Cara Morris is 17. She lives in Ireland with her mother, her older sister Alice, and Sam, the product of a now defunct relationship on the part of her mother. In October of every year the family experiences ‘the accident season’, in which every routine move seems to lead to a physical injury such as a broken bone.
Cara’s school runs an unconventional operation known as the Secrets Booth. During the term pupils are invited to sit at an ancient typewriter and leave an anonymous record of some secret. At the end of term these typed secrets are assembled into an art installation. The pupil who manages this booth is named Elsie. After Cara sees Elsie just once, Elsie seems mysteriously to disappear from the school. Various questions now arise. What is the accident season? Does it have a reality? Or is it just a pattern imposed on a series of coincidental events? And what relationship does Elsie have with the Morris family? The last third of this book delivers a telling denouement. These pages make sense of the labyrinthine and amorphous passages that have preceded. Alas, the complexity and apparent disconnection of the build-up could easily deter a reader from continuing. To which genre does this book belong? Is this a thriller? Is it a psychological study? Cross-genre novels are notoriously difficult to write.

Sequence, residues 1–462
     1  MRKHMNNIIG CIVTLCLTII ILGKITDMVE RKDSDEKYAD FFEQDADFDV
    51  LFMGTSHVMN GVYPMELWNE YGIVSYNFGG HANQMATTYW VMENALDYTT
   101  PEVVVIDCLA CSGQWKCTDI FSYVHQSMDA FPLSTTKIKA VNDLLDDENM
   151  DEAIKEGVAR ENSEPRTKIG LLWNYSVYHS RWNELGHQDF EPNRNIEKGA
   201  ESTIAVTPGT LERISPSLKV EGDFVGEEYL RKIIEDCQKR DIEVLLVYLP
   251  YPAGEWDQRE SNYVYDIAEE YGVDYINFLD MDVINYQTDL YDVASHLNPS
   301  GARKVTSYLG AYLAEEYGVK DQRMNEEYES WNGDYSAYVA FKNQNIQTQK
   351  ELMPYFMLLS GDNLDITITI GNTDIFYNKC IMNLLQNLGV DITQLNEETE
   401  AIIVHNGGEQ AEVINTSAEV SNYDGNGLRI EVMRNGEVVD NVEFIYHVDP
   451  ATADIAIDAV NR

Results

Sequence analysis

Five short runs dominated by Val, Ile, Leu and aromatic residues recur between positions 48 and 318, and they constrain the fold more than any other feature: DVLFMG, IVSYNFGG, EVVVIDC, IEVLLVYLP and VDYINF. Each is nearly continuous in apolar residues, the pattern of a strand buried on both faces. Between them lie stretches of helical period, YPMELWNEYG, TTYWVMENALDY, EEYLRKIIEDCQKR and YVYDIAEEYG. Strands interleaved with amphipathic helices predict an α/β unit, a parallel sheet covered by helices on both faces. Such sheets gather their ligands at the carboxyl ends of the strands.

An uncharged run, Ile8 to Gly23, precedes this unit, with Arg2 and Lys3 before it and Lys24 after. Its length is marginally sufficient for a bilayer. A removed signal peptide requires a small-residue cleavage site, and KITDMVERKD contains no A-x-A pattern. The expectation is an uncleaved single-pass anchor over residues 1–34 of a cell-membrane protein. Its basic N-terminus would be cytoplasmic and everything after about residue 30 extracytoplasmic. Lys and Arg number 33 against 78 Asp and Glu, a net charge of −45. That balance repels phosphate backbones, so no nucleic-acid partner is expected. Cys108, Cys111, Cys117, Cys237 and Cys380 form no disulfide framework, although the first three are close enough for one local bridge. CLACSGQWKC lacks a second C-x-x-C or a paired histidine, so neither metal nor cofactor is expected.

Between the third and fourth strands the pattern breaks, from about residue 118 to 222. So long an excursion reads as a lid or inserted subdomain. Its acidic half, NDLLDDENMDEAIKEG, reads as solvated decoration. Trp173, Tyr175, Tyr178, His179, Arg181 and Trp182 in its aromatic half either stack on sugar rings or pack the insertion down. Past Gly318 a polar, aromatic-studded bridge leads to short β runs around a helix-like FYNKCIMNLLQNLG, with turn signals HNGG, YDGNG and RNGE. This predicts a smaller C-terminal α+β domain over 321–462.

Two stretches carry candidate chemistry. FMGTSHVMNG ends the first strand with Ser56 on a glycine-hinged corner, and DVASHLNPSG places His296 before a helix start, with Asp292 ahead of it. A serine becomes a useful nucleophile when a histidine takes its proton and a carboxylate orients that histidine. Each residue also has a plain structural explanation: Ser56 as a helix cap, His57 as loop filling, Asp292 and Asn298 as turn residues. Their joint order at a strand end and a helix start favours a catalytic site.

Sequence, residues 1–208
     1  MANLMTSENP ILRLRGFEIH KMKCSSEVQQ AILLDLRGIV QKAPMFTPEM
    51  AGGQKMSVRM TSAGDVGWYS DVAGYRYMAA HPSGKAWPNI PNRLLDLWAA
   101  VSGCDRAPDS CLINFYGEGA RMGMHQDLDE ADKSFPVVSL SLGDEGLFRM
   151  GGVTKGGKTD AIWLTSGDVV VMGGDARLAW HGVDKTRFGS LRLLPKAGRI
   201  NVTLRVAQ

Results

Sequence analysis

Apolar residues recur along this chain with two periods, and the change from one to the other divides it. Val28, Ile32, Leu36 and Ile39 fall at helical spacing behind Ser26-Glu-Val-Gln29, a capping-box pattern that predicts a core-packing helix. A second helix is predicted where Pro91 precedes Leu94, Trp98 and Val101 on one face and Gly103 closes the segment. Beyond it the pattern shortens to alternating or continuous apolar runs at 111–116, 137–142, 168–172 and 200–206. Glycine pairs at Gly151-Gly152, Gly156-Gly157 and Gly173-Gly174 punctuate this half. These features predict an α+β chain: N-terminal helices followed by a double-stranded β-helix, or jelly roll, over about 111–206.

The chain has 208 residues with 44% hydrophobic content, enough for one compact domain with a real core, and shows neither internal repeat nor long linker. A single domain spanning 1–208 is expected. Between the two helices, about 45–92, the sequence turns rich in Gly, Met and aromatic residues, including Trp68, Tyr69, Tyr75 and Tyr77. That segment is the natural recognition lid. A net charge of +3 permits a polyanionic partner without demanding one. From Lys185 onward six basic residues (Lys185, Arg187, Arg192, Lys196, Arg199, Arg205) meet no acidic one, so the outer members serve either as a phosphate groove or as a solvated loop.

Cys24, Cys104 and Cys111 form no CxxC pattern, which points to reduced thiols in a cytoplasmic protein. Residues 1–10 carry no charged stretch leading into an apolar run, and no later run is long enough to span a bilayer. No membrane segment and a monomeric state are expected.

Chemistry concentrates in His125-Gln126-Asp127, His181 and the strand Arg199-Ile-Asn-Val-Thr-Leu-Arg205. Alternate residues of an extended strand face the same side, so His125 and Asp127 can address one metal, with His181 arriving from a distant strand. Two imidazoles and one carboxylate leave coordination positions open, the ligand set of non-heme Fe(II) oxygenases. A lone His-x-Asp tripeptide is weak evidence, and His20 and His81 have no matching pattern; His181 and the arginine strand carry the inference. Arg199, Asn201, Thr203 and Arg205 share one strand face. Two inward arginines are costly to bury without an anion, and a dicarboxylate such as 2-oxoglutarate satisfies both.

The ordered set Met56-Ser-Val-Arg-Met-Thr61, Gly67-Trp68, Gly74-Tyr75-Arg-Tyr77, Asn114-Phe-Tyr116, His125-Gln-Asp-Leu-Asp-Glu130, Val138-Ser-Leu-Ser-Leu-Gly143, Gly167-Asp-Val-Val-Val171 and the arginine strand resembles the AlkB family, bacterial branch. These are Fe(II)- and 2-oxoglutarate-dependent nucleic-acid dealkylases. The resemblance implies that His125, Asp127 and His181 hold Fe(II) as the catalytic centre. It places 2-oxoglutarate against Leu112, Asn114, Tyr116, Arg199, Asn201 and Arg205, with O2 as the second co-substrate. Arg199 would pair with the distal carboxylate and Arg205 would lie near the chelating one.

Too many books of this kind litter the early text with heavy-handed clues that make the denouement all too predictable. This book goes to the opposite extreme. Its denouement is unexpected, stunningly contrived and genuinely moving. But how many readers will struggle through to reach it?